Since the Dutch East India Company went public in 1602, initial public offerings have followed a similar evolution. The most recent attempts at improving the traditional method of going public include reverse mergers, direct listings and the blank check companies we now call SPACs.

You can give credit - or blame - for the recent enthusiasm for SPACs to one person: Martin Franklin. He has been finding and merging companies using this vehicle since the mid-1990s, He has an outstanding track record, with several deals generating returns of 1,000% and even 5,000%. Imitators have tried to emulate his returns, without much success.

Of course, those imitators have caused the average SPAC to be mediocre, its performance not worth an investors’ money. The simple probabilistic truth of the bell curve explains why this is always so. Ted Sturgeon was a brilliant and award-winning science fiction writer. He would have made an insightful investor as well.

(1) That most products disappoint is not a brilliant new insight. It is mostly understood among the investor class. Out are expensive mutual funds, and in are cheaper ETFs. Active strategies have seen outflows and towards passive. With a few notable exceptions, "2 & 20" hedge fund fees areno more.

(2) It is not just products. Thedata show traditional mutual fund managers mostly underperform, as do the vast majority of hedge funds. Of the best known venture capital funds, most have seen their best days. All of this is consistent with how individual stocks perform, in that most them are losers, and long-term gains come from a mere 1.3% of public companies.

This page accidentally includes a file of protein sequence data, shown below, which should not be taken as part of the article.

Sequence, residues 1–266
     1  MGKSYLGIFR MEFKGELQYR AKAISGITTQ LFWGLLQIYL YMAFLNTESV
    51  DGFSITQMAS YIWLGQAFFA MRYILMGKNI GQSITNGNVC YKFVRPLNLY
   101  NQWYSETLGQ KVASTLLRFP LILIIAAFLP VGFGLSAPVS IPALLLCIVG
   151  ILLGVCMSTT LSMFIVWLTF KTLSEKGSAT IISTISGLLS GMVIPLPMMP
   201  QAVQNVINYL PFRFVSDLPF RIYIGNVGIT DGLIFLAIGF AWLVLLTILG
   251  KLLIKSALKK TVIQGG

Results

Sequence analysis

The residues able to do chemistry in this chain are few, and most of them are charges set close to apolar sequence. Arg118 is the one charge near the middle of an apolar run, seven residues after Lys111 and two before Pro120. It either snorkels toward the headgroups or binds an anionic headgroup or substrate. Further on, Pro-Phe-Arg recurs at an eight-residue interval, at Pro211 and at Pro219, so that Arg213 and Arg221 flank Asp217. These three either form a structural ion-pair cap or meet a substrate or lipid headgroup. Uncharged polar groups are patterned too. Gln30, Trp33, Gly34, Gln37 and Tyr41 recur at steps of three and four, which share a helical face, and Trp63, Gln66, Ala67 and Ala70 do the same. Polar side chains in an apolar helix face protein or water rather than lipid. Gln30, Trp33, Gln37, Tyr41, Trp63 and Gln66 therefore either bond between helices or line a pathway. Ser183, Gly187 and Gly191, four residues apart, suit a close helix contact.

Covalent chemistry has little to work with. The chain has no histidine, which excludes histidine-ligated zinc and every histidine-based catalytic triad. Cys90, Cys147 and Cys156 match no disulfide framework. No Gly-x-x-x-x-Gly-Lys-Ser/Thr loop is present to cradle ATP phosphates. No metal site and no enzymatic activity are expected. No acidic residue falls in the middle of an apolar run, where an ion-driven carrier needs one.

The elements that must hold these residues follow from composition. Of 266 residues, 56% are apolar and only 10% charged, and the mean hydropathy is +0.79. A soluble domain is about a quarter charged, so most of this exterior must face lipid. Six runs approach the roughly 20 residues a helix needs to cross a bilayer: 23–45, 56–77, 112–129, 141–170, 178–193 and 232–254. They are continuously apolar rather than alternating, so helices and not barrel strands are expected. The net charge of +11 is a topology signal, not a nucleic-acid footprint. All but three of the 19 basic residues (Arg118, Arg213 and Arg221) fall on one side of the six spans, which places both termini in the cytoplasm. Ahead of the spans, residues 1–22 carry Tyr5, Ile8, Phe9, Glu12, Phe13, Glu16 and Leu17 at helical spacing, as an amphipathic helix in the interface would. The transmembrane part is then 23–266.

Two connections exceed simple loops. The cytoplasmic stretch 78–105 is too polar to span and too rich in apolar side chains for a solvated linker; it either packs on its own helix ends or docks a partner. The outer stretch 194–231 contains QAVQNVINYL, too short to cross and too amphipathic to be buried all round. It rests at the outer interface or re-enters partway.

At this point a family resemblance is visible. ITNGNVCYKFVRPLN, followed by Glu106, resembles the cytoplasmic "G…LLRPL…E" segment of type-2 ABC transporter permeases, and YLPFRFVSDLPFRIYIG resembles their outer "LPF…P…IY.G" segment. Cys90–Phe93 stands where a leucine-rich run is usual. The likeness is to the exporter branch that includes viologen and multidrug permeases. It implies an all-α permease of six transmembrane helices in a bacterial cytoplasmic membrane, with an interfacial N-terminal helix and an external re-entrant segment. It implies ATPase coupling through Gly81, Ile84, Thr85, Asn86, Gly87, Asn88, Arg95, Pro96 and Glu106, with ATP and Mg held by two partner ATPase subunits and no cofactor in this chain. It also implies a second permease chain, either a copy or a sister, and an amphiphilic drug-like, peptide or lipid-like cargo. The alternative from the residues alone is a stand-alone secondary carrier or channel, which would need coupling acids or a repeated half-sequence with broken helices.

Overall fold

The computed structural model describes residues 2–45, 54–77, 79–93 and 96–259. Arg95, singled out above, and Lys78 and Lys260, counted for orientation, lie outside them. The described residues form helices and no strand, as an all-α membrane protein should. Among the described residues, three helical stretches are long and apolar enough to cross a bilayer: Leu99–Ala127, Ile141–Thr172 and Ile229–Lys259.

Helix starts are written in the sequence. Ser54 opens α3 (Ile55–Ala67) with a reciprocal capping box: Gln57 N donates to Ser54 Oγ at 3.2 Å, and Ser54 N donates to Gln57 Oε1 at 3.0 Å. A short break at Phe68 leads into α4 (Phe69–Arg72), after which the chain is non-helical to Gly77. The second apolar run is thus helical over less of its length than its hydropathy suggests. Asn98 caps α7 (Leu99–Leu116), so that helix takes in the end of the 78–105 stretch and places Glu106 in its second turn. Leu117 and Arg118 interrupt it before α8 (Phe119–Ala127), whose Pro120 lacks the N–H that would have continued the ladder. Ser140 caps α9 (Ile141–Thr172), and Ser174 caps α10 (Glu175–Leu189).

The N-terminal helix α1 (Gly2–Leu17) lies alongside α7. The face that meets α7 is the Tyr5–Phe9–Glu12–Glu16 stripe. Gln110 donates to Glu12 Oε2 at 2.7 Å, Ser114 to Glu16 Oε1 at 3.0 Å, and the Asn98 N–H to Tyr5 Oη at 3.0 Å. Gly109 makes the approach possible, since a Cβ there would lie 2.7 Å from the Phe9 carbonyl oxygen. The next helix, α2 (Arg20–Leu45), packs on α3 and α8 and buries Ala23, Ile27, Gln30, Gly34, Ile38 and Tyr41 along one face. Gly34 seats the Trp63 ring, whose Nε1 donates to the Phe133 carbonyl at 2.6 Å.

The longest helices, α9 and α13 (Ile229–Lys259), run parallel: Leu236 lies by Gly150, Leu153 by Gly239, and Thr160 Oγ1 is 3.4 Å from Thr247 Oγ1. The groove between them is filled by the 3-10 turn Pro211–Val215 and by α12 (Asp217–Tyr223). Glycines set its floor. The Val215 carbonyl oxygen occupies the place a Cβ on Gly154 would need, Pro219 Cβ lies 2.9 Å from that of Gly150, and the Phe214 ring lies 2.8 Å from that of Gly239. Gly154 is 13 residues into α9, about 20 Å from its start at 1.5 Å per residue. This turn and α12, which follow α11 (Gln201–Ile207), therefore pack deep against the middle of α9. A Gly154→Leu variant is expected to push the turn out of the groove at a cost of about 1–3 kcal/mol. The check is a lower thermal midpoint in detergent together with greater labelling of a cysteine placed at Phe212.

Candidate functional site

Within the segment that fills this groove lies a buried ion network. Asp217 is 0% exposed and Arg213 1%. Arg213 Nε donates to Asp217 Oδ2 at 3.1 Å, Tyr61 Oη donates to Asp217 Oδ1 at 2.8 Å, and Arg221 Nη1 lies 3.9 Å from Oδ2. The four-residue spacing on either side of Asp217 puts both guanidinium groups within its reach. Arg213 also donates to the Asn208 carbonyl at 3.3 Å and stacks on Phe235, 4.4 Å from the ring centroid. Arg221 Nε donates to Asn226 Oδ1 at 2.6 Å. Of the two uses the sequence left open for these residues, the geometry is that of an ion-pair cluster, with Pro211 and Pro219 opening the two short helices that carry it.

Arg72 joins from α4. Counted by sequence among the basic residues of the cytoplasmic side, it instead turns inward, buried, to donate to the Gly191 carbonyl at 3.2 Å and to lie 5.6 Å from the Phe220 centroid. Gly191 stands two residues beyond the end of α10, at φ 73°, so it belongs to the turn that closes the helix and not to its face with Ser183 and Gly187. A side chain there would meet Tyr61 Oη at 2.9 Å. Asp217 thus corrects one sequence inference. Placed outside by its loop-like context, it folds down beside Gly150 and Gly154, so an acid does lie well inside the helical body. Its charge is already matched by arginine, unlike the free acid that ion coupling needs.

(3) This is more than mere anecdote.Today, we quantify more than the revenue a product generates. We can objectively determine its quality rankings, how long it lasts, what sort of warranty repairs it needs andhow many defects show up post purchase. User reviews, satisfaction surveysand recommendations have become important in the internet era for this reason.

This column does not necessarily reflect the opinion of the editorial board or Bloomberg LP and its owners.

Barry Ritholtz is a Bloomberg Opinion columnist. He is chairman and chief investment officer of Ritholtz Wealth Management, and was previously chief market strategist at Maxim Group. He is the author of “Bailout Nation.”